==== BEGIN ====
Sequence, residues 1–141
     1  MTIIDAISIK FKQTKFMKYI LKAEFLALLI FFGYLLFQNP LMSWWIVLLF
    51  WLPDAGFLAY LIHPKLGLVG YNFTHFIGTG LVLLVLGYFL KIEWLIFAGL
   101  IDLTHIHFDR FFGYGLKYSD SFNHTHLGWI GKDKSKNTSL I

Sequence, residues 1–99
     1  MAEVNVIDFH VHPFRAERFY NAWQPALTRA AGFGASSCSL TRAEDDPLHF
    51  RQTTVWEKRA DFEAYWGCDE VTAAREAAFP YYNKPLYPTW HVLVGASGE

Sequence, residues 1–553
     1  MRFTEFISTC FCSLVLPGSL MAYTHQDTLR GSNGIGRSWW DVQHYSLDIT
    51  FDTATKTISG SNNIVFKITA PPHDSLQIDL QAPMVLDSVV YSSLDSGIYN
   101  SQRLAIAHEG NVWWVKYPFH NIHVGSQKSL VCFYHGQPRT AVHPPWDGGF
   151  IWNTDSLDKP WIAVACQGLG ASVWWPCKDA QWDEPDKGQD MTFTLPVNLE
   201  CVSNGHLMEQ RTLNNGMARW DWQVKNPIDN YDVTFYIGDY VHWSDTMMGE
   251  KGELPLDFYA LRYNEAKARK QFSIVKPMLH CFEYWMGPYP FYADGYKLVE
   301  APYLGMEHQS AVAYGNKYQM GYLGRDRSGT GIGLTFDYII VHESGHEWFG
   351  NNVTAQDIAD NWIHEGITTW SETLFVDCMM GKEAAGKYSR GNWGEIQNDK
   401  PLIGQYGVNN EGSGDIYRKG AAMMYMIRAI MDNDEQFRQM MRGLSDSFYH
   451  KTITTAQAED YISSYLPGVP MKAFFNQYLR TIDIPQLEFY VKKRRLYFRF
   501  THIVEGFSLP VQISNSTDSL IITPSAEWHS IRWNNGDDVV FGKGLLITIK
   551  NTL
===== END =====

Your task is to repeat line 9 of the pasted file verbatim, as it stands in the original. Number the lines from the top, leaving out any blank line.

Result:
     1  MRFTEFISTC FCSLVLPGSL MAYTHQDTLR GSNGIGRSWW DVQHYSLDIT